Tryan McMickens recalls the "huge blow" he felt when, as one of only a few dozen African-American students at a large, predominantly white public high school in suburban Atlanta, he heard his favorite teacher advise him not to even consider applying to a historically black college. "She told me those schools would not be the best fit for me because those schools are not the best schools," he says.
His experience at Tuskegee University, where he received two bachelor's degrees in 2005, proved her wrong on both counts. "While I was there I found a deep passion for research and for working in higher education," says McMickens, now a doctoral student in higher education at the University of Pennsylvania. "To be around students who look like you and who are ambitious and who set these tremendous goals was encouraging and empowering."
That McMickens's choice put him on the defensive captures in a nutshell the challenges that black colleges face. Once pretty much the only option for black students seeking higher education, black colleges today compete with other institutions for prize pupils. Prospective students, like the schools themselves, are struggling with how to weigh the unique traditions and culture that black colleges offer against the financial resources and elite rankings of white campuses.
In 1965, the federal government created a "historically black colleges and universities" designation. The purpose was to support about 100 schools, which are located mostly in the South and a handful of nearby states, that were founded to educate black Americans in the years just before and the decades after the Civil War. (Founded by a Quaker in 1837, Cheyney University of Pennsylvania is the oldest.) Today, 40 years after the civil rights legislation of the 1960s, most majority-white institutions want to increase the diversity of their own student bodies by actively recruiting racial minorities. That has forced black colleges to compete to attract their traditional student base. Case in point: Out of the 826 black American high school students who won National Achievement Scholarships in 2007, Harvard enrolled the most, with 74. Among black colleges, Hampton University claimed the largest number, with just 10.
The student drain is not the only problem black colleges have to contend with. Years of chronic underfunding (before and after desegregation) have placed some HBCUs in severe financial straits, in some cases leading to accreditation questions. When Marybeth Gasman, a professor at Penn, was researching her book Envisioning Black Colleges, she said she could actually see the toll that maintenance delays had taken on some campuses in the form of historic buildings that were "falling apart" and archival papers that were "crumbling."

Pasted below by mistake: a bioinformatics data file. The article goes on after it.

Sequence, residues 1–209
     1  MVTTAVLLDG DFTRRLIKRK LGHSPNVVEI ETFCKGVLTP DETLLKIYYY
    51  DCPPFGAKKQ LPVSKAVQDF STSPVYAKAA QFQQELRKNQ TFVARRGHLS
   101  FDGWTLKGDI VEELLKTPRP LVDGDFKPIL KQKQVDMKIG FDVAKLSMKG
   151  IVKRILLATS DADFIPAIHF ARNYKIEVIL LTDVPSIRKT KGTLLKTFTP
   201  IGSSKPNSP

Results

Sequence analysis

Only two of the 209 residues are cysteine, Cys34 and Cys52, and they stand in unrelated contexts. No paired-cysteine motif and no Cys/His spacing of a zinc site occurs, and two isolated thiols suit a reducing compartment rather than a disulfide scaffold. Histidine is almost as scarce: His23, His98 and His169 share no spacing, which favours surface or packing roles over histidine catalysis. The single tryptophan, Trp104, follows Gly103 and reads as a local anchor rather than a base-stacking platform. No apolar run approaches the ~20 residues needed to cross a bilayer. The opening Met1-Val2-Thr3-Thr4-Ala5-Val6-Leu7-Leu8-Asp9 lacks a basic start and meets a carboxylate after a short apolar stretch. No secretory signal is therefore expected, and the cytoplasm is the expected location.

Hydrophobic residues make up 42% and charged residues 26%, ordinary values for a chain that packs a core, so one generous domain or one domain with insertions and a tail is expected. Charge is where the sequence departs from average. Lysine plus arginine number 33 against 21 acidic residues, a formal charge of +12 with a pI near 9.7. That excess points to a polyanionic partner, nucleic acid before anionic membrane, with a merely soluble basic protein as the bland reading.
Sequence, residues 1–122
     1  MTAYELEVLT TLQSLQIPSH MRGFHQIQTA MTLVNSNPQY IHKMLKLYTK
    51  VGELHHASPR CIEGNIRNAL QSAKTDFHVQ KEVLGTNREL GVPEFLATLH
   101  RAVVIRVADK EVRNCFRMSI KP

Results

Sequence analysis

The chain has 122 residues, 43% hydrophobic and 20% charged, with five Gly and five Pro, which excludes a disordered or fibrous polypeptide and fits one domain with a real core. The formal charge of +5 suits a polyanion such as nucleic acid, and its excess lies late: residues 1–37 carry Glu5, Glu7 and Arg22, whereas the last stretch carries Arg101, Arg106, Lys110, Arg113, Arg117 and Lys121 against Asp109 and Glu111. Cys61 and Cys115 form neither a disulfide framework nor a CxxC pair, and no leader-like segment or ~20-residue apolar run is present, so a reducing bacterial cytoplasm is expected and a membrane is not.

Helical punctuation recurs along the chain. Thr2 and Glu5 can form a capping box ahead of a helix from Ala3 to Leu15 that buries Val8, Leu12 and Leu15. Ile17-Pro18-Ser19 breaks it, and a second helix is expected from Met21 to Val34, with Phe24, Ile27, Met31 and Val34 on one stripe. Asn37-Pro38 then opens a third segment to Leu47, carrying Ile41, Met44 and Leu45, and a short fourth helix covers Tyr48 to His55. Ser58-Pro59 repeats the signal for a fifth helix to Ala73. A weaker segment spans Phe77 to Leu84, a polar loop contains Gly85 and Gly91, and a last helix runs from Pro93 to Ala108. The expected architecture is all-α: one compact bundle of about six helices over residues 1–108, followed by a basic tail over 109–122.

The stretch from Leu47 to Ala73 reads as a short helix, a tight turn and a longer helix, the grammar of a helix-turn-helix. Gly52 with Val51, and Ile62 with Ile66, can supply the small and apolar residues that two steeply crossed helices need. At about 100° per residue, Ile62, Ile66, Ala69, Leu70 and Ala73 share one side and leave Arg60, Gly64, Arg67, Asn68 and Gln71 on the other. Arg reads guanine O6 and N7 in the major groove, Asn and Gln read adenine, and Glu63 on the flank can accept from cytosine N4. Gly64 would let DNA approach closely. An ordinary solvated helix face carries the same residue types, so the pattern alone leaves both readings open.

Michael Lomax, a graduate of Morehouse College and former president of Dillard University who is now president and CEO of UNCF-the United Negro College Fund, says these conditions do not affect all HBCUs. "American higher education is multitiered, and so are black colleges," he says, noting the range in black colleges from small liberal arts colleges to larger research universities, public and private. "Some small schools are challenged, just as small colleges are across the board," Lomax says. But "Morehouse, Spelman, Hampton, among others, are stronger than they have ever been."
Endowment blues. Graduation rates also have been a challenge for black colleges. Many students who attend HBCUs come from low-income families. These students are at risk of dropping out not for academic reasons but simply because they do not have the money to continue. And cash-strapped schools can find themselves scrambling to help out. Just add the endowments of all 103 HBCUs together, says Johnnetta Cole, president emerita of Spelman College in Atlanta and Bennett College in Greensboro, N.C. Then compare that total, which comes to less than $2 billion, with the approximately $35 billion that Harvard alone claims. And yet, although HBCUs constitute only 3 percent of American higher education institutions, they graduate about 18 percent of all black college students.
Updated from an Oct. 8, 2007, story in U.S.News & World Report.